There have been a fair few new faces around FBP lately, and one that I have particularly enjoyed meeting is Christopher Anderson. His classes are fun but challenging, with an emphasis on placement, mind-to-muscle connection, and fluidity of movement. You know that refreshing feeling when you hear someone explain something you’ve been working on for 20 years in a way you’ve somehow never considered before? “Put your collarbones into your first position circle.” Lightbulb.
Christopher tends to call upon memories of his own training, sharing nuggets of wisdom he received from his teachers around the world. They are always golden tidbits, but one in particular stood out last week…
It was a story about a former teacher of his who used to skip around class exuberantly, cheering students on and giving corrections from all angles of the studio. The interesting bit was this: When a student would fumble slightly, but maintain placement or correct mechanics, his teacher would shout excitedly,
“You made the perfect mistake!”
The perfect mistake. This little oxymoron instantly clicked for me. It rooted itself even deeper when, that evening while coaching students for YAGP, one of my girls asked what she should do if her attitude turns don’t go well on stage. We spend a lot of time talking about performance quality and the point of competitions, which in my opinion, is not being judged, rather painting the stage for the audience. It’s about learning to set the scene and fill the space with dancers so convincingly that the audience can see them, too. It’s about finding your voice. If you can do this during a competition when you’re alone onstage, storytelling through dance becomes second nature as a professional. But I digress…
I try to impress upon my students the importance of “rehearsing options”. In other words, practice what you will do on stage if you fall out of that pirouette, or come down early during your hops en pointe. Don’t just stomp it off. Gracefully transition to the next step. Smooth things over. Make the perfect mistake. The mistake that shows your technique and mindfulness. I can’t help but think about how well this idea can be applied to every day life…
When you are over tired and accidentally order 5 too many jars of peanut butter during quarantine. But then you have a shelf-stable option that gets you through that stretch of sheltering-in-place where cooking an elaborate meal every night became an uninspired chore…for example. Or when you accidentally board the wrong train, end up somewhere in New Jersey with no cash, cry, find your way back to Manhattan, but then get to spend a surprise extra night with your best friend. The perfect mistake.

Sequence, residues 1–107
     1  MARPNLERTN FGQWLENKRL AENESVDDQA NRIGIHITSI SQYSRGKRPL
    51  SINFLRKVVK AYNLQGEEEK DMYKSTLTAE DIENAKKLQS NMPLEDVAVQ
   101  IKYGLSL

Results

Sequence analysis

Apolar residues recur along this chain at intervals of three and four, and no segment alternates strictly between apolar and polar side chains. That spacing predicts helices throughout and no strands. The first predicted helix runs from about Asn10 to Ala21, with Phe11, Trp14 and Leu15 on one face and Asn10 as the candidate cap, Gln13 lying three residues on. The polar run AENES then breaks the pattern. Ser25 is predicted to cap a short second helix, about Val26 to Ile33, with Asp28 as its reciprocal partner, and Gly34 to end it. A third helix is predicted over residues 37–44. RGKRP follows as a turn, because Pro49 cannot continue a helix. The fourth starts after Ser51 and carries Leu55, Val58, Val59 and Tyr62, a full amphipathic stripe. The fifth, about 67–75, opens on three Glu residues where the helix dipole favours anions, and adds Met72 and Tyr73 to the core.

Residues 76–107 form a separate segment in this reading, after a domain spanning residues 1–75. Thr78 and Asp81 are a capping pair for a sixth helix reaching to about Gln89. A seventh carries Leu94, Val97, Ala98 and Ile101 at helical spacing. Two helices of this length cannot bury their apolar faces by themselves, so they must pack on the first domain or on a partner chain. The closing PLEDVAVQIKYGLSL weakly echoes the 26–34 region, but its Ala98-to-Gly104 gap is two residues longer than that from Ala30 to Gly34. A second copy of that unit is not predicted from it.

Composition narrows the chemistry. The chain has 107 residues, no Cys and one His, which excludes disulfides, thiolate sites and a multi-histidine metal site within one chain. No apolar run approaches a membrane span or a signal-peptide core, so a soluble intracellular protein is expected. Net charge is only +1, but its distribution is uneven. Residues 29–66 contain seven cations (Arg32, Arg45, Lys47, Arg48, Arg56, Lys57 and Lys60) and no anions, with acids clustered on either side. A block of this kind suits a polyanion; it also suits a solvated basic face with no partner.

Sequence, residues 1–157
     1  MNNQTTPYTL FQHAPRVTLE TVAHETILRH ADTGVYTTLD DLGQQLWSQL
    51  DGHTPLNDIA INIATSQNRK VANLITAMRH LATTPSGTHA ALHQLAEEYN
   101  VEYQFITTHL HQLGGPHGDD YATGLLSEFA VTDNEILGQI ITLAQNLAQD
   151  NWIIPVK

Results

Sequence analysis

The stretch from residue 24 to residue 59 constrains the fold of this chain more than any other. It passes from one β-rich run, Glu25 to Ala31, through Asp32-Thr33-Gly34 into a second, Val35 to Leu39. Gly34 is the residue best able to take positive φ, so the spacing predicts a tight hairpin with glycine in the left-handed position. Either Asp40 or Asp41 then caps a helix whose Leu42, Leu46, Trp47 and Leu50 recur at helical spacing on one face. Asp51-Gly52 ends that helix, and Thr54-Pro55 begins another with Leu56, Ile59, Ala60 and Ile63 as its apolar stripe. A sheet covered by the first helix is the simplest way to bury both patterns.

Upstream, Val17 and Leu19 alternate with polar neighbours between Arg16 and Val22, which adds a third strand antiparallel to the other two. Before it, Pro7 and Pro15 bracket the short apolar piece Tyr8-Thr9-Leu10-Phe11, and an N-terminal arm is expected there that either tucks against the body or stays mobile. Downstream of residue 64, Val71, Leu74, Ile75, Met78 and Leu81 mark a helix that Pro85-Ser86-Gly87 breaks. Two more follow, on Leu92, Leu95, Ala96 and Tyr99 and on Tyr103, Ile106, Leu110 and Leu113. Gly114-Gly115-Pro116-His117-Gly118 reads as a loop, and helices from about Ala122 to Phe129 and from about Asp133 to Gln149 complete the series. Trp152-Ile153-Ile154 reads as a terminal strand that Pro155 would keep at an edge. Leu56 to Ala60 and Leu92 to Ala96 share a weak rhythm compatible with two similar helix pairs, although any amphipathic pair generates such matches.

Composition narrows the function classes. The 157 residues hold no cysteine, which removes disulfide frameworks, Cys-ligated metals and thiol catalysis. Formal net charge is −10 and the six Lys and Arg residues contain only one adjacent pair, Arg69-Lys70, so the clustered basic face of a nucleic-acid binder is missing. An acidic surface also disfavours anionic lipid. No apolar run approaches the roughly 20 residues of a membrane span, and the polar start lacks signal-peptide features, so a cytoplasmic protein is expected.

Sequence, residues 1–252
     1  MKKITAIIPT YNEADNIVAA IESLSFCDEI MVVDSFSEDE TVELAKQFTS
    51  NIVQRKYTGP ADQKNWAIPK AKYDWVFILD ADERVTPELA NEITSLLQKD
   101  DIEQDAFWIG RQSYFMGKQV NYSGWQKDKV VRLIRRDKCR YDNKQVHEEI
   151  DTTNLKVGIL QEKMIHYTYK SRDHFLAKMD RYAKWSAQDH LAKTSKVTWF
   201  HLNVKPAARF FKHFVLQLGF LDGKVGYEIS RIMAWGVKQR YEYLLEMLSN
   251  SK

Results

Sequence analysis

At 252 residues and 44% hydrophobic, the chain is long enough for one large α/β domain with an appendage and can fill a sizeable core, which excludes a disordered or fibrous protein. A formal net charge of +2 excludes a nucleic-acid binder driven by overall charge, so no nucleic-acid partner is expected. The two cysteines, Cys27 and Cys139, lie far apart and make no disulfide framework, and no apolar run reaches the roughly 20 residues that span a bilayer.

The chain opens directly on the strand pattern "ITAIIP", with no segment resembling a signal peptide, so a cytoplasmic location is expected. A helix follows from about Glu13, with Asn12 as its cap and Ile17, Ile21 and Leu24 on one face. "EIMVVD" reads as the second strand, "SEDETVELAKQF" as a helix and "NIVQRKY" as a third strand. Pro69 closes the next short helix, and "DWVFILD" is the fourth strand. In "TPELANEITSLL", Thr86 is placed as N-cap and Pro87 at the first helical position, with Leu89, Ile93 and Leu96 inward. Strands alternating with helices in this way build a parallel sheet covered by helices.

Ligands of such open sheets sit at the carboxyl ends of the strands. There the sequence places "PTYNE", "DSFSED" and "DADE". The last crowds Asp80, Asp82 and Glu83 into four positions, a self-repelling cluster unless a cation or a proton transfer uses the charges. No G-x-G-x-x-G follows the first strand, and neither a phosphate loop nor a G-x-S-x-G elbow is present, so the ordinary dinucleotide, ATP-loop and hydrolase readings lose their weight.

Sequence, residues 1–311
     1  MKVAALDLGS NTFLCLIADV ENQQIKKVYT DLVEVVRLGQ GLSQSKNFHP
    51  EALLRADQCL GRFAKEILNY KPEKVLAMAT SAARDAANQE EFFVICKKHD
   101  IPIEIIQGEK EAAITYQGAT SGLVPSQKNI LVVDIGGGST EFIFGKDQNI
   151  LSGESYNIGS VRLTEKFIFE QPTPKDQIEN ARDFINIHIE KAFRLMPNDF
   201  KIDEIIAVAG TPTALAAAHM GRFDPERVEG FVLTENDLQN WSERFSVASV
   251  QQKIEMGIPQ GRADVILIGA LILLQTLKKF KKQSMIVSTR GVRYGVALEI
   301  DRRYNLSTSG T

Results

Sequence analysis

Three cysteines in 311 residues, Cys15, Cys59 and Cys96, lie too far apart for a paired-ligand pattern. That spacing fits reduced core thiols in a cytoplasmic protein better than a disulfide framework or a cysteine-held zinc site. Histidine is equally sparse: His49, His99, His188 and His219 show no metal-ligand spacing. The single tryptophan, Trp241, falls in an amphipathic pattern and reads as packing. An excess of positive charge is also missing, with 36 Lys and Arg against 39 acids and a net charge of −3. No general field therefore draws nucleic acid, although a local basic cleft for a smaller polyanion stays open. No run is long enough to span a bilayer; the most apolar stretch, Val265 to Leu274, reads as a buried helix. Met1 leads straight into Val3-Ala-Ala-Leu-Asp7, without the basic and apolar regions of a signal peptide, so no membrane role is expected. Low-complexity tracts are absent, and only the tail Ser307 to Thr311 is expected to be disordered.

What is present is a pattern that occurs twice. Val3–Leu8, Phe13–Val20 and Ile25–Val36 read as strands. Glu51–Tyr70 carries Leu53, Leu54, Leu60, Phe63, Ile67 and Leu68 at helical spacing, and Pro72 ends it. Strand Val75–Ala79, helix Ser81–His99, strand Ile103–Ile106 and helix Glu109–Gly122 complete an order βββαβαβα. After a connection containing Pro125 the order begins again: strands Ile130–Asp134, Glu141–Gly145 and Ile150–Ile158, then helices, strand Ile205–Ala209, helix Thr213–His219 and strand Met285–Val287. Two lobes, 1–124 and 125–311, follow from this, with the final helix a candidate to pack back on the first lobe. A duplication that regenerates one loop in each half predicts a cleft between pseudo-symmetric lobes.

So I’ll repeat what we’ve all heard and know, but perhaps need to hear again: it’s not what happens, but how we deal with it. What’s more empowering than that? This truth brings the control back into our own hands, makes mistakes into opportunities. Accidents become lessons, chances to show our worth, our training, our humanity. Those little moments of impurity become the slivers of ourselves, little flashes of individuality, because how I deal with a mistake will be different from everyone else in the room. And that is where our voice hides. In the perfection. Only in those teeny cracks in our facade can we show the world who we really are.
HI Kirsten, I so love reading your thoughts and looking into your life through photos and drawings. I recently started taking a watercolor class and my early frustration with “mistakes” sometimes left me feeling that I should just try something else. But Katherine reminded me of Bob Ross the PBS painter with the afro and beard who had a joyous attitude toward painting landscapes and always described his “happy trees” on the mountainsides. The one thing he always said when a brush stroke was misplaced or a color not quite as expected, “there are no mistakes only happy accidents”. I love this and I believe it’s true!
Looking very much forward to seeing you again on stage and living for a moment in the magic! Be safe and healthy, Love, Aunt Sue
On Wed, Oct 28, 2020 at 12:39 PM Setting The Barre wrote:
> Kirsten posted: ” Processed with VSCO with a6 preset There have been a > fair few new faces around FBP lately, and one that I have particularly > enjoyed meeting is Christopher Anderson. His classes are fun but > challenging, with an emphasis on placement, mind-to-muscle con” >
Hi Aunt Sue,
Thank you so much for sharing this, and for reading! I love your story. I remember watching Bob Ross when I was a kid, and actually think of him often when I need a hit of joy. It’s helpful to channel his optimism, and when you think about it- he’s right! Happy accidents often turn out to be the best part of creativity.
So glad you are taking a watercolor class. Keep going!
Pingback: technique is not the end | Setting The Barre